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* ''TabletopGame/MouseTrap''

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* ''TabletopGame/MouseTrap''''TabletopGame/MouseTrap1963''


* ''TabletopGame/ShardsOfStellmare''


* ''TabletopGame/TeamSpaceHobosRPG'' (followed by TabletopGame/ShardsOfStellmare)


* ''TabletopGame/ShardsOfStellmare'' (follow-up to TabletopGame/TeamSpaceHobosRPG)

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* ''TabletopGame/ShardsOfStellmare'' (follow-up to TabletopGame/TeamSpaceHobosRPG)''TabletopGame/ShardsOfStellmare''


* ''TabletopGame/MysteryDate''

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* ''TabletopGame/MysteryDate''''TabletopGame/MysteryDate1965''


Of course, the variety in gameplay is also enormous. Two aspects in which tabletop games can differ quite significantly are hidden information and [[RandomNumberGod random elements]]. For example, in chess, there is no hidden information and no randomness; everything is determined by the players' own actions, and everything in the game is revealed to both players. In ''TabletopGame/{{Stratego}}'' and ''TabletopGame/{{Diplomacy}}'', there are no random elements either, but the amount of hidden information is huge, and deceiving your opponent(s) is an important part of gameplay. In the [[http://en.wikipedia.org/wiki/Game_of_the_Goose Game of the Goose]], there is no hidden information, but the randomness is turned UpToEleven ''[[LuckBasedMission everything]]'' [[LuckBasedMission is random]], and players have zero control over the outcome of the game. Poker is a good example of a game that features both random elements (which cards you are dealt) and hidden information (your opponents' hands). Most games likewise have a little of both. There also exist games which incorporate other media in addition to the base content of the game, such as those which involve a [[UsefulNotes/{{VCR}} VHS tape]] or UsefulNotes/{{DVD}} to display in tandem with the physical game, introducing further elements and events during play.

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Of course, the variety in gameplay is also enormous. Two aspects in which tabletop games can differ quite significantly are hidden information and [[RandomNumberGod random elements]]. For example, in chess, there is no hidden information and no randomness; everything is determined by the players' own actions, and everything in the game is revealed to both players. In ''TabletopGame/{{Stratego}}'' and ''TabletopGame/{{Diplomacy}}'', there are no random elements either, but the amount of hidden information is huge, and deceiving your opponent(s) is an important part of gameplay. In the [[http://en.wikipedia.org/wiki/Game_of_the_Goose Game of the Goose]], there is no hidden information, but the randomness is turned UpToEleven up ''[[LuckBasedMission everything]]'' [[LuckBasedMission is random]], and players have zero control over the outcome of the game. Poker is a good example of a game that features both random elements (which cards you are dealt) and hidden information (your opponents' hands). Most games likewise have a little of both. There also exist games which incorporate other media in addition to the base content of the game, such as those which involve a [[UsefulNotes/{{VCR}} VHS tape]] or UsefulNotes/{{DVD}} to display in tandem with the physical game, introducing further elements and events during play.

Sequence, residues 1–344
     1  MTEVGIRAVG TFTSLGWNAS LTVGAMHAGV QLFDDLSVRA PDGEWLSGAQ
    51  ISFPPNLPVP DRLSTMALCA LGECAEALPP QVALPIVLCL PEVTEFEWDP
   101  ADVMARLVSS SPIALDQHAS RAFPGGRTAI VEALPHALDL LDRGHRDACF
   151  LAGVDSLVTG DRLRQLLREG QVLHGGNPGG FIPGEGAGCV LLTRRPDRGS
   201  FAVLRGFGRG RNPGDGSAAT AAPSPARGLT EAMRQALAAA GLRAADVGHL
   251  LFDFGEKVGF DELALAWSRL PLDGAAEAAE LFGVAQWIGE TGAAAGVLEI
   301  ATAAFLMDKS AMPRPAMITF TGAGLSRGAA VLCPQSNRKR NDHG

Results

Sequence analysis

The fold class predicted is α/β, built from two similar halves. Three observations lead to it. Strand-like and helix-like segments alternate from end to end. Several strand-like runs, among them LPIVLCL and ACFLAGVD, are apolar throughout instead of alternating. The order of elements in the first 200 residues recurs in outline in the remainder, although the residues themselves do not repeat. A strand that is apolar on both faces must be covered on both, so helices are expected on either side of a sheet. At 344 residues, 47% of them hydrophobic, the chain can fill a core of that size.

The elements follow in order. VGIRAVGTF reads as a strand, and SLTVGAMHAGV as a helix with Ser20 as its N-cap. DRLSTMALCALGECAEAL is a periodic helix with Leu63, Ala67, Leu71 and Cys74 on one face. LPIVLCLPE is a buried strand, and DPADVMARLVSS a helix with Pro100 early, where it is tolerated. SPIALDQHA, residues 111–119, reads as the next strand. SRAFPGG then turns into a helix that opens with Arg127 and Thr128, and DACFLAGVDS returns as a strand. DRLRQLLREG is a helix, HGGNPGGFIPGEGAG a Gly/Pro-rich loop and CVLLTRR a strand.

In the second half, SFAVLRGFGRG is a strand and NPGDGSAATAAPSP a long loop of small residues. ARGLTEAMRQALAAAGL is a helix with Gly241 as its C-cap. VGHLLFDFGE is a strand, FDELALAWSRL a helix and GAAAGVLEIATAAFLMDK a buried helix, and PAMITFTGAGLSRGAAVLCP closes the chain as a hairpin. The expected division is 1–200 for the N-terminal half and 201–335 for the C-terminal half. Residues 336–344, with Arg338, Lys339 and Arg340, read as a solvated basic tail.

* ''TabletopGame/{{Sorcerer}}''
* ''TabletopGame/{{Space 1889}}''

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* ''TabletopGame/{{Sorcerer}}''
''TabletopGame/Sorcerer2001''
* ''TabletopGame/{{Space 1889}}''''TabletopGame/Space1889''


* ''TabletopGame/{{Midnight}}''

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* ''TabletopGame/{{Midnight}}''''TabletopGame/Midnight2003''

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->''"The secret we should never let the {{Game Master}}s know is that they don't need any rules."''
-->-- '''Creator/GaryGygax'''

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* ''TabletopGame/{{Bang}}''


+ {{Legacy Game}}s

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+ {{Legacy Board Game}}s

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+ {{Legacy Game}}s

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+ {{Narrative Board Game}}s

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